- Free amenities: You will likely have access to free fire alarm systems and Wi-Fi. With some negotiations and maybe a small additional fee, you might get to use the sublessor’s printers pantry, and other office amenities. If the sublessor already has administrative assistants in place, paying a small fee to have them answer your calls might be cheaper than hiring an office manager of your own, depending on your business needs.
- Shorter Leases: Most landlords require tenants to sign a lease for at least three years. If you’re looking for a short-term agreement because of unpredictable business growth and profits or because you just need to rent space for a little while until you can afford something better, subleasing is a great option. You can find subleases for a year or even just a few months.
Risks of an Office Sublease
Though subleasing might seem cheaper, faster, and easier, it’s not the best option for everyone. Before signing a sublease keep the following factors in mind to make sure you’re creating a fruitful situation for your business.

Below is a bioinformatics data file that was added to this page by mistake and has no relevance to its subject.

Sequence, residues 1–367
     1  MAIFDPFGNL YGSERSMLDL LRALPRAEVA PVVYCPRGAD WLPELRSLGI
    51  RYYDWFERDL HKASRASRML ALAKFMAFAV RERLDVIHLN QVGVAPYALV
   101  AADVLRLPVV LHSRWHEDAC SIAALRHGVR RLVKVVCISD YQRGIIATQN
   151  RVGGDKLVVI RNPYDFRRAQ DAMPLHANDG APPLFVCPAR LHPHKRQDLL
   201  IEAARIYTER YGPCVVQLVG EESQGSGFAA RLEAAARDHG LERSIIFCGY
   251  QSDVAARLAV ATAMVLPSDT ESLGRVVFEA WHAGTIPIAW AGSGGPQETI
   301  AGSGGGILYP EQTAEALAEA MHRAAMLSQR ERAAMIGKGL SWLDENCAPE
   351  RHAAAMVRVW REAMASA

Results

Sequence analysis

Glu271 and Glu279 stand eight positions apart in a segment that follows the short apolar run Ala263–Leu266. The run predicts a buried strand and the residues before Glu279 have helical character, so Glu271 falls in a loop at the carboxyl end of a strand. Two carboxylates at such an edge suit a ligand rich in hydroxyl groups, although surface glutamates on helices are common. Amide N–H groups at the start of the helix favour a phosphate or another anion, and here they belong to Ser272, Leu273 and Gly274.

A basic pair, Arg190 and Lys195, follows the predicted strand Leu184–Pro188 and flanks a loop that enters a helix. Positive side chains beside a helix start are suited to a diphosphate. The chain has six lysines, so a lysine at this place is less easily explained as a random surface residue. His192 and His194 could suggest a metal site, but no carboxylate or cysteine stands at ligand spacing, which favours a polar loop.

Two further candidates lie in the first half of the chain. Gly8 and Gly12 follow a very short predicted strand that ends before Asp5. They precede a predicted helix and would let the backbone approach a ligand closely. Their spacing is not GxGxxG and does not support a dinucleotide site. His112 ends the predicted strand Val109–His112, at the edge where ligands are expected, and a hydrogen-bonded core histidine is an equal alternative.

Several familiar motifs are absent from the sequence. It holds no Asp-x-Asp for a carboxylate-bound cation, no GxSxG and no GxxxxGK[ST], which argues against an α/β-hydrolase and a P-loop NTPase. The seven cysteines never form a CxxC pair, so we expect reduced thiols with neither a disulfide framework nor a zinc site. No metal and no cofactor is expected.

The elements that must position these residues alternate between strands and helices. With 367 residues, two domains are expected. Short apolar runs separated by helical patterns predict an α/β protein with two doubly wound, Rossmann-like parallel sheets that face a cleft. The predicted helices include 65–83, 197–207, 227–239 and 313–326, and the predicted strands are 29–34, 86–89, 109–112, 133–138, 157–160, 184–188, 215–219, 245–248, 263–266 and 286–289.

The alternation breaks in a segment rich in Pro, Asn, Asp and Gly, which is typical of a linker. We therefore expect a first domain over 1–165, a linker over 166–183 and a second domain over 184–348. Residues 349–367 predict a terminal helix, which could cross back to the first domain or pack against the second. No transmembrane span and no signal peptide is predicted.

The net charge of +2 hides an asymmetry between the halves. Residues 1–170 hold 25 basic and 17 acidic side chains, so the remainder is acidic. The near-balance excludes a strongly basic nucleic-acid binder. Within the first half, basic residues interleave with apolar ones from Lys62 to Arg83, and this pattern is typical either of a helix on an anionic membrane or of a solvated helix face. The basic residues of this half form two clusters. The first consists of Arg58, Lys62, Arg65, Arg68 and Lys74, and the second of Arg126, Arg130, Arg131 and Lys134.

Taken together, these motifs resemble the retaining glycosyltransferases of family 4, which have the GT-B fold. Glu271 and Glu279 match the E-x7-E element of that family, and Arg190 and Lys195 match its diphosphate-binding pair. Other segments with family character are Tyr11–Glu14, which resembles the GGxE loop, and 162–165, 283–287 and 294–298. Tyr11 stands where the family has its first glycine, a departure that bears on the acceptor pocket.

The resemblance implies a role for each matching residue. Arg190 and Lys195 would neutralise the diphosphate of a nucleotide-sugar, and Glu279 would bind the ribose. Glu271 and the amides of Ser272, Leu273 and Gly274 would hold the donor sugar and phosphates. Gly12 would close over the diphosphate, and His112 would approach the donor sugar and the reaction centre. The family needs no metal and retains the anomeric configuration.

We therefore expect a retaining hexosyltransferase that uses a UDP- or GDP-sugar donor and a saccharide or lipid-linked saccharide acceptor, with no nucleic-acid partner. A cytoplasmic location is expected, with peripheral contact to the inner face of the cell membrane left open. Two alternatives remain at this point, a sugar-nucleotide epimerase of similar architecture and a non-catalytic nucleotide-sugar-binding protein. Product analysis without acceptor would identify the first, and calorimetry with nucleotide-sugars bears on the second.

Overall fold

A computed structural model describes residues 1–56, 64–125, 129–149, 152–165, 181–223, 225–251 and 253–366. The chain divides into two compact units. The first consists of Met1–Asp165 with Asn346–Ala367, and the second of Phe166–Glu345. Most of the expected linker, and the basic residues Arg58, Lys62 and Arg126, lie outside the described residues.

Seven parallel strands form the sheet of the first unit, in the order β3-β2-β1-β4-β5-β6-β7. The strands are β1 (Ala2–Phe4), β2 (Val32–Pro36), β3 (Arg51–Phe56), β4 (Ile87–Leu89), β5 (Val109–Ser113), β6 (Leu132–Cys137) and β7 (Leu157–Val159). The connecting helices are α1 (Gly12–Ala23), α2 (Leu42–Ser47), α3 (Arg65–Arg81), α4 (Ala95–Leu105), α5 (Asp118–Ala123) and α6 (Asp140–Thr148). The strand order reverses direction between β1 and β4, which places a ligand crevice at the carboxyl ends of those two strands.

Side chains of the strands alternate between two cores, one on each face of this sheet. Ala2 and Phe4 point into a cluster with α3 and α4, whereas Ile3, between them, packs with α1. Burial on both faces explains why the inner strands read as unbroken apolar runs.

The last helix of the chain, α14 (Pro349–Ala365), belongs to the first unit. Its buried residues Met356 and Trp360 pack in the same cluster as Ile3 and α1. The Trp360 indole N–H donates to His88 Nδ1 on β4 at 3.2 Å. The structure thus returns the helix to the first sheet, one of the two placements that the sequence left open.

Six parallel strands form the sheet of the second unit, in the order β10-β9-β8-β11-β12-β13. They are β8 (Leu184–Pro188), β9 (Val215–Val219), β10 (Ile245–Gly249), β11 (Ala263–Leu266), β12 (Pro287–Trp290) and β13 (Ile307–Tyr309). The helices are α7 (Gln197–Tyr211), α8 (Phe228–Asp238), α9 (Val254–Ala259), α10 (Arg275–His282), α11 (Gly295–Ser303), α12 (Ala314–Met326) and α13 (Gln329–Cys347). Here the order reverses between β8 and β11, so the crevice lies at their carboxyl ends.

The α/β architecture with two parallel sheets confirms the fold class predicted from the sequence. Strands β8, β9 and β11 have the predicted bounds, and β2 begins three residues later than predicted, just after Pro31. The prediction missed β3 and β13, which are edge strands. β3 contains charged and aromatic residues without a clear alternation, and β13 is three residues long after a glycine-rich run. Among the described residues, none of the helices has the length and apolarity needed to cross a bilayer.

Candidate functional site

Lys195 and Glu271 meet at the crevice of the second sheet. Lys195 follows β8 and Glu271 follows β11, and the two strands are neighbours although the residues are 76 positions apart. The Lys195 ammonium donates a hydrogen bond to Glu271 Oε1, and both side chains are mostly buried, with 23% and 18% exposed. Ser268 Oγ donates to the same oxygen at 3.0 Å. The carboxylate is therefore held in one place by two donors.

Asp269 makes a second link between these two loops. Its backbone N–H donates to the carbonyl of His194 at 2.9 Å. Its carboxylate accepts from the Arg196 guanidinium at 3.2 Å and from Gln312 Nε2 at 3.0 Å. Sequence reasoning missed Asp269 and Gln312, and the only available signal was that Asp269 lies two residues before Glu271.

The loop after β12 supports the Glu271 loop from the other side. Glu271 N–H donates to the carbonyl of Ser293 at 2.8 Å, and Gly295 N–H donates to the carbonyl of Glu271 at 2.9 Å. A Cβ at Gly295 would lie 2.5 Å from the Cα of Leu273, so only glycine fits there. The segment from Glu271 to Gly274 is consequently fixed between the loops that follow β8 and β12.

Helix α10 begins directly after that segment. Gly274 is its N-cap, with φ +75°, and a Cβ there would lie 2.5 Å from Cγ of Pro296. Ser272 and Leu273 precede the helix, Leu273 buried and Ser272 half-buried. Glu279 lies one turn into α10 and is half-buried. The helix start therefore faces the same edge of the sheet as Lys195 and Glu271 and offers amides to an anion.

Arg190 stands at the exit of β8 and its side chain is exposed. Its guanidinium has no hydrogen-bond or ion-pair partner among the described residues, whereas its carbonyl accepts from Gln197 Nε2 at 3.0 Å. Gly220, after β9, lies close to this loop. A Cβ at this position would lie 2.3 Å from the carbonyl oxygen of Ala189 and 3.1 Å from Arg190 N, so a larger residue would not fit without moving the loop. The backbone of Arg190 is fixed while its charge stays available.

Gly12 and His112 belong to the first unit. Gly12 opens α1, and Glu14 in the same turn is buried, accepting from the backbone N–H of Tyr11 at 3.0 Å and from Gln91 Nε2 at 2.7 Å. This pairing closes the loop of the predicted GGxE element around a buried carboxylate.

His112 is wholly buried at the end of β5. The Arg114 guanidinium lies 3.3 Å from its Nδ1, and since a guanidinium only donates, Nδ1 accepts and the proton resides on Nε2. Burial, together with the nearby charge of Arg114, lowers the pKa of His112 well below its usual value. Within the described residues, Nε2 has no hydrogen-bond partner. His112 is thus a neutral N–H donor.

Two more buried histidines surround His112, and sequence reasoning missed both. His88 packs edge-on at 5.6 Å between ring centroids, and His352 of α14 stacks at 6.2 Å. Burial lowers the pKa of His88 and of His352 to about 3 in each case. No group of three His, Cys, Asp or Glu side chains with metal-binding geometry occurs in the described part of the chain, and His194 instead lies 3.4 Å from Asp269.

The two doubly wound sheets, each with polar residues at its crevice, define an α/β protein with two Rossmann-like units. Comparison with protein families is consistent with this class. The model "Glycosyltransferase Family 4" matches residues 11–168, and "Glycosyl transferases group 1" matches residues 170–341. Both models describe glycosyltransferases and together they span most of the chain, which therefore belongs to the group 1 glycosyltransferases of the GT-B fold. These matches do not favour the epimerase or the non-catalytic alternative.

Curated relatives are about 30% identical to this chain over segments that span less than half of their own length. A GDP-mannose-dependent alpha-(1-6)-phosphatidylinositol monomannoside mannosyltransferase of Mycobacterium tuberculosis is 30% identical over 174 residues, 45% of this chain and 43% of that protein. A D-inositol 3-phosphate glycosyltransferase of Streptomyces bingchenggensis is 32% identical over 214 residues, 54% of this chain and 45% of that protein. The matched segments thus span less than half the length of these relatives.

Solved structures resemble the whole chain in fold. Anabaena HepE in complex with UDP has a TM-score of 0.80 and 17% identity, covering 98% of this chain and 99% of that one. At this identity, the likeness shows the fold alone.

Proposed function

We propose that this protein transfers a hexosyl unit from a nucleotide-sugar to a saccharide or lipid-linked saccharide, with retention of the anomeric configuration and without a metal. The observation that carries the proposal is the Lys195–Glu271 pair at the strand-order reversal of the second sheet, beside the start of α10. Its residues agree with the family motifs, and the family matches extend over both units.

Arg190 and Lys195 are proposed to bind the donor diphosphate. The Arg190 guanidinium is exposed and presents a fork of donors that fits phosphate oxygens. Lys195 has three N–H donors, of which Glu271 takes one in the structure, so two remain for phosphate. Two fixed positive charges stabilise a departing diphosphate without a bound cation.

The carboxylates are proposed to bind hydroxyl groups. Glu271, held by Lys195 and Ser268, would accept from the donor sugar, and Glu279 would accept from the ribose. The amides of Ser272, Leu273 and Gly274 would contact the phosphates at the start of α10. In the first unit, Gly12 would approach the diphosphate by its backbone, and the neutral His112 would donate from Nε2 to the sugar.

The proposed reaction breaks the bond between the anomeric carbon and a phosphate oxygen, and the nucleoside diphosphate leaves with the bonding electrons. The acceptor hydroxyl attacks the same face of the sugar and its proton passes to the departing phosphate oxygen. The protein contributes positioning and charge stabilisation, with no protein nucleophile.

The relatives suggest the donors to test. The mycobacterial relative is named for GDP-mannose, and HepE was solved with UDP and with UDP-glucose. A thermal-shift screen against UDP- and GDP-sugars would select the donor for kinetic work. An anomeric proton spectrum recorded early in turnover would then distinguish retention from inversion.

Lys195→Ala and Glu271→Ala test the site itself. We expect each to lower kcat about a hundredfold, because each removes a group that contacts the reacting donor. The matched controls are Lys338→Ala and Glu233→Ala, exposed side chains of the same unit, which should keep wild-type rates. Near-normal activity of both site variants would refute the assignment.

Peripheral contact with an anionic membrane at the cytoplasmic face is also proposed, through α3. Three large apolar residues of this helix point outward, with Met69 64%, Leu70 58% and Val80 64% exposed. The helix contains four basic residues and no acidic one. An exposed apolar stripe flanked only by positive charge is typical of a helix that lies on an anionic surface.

- It takes time to sublease office space. A sublease might offer a shorter term, but finding one, negotiating the details and renovating the space to your specifications (known as the “build-out”) still takes time. Closing on a sublease might take three months. Add an additional two or three months for the build-out, and it could be six months before you move.
- You need to review the sublease and the original lease. Entering into a sublease means working off of the existing commercial lease—one that you didn’t negotiate—between the principal tenant and the landlord. Be sure that you review the original lease and the sublease—or, even better, hire an attorney to review. You will probably have to accept the contract and the space “as is,” meaning you will likely be unable to make improvements or changes to the office space.
- Accept the potential downsides of using space that isn’t private. If the sublessor is working in the space as well, keep in mind you’ll have to deal with their visitors, noise, outdoor signage, advertisements, and more. Visitors may get a small business vibe when they drop by if the character of the atmosphere is totally different from what your company stands for. The best way to avoid problems with this is to rent from a sublessor in a similar industry.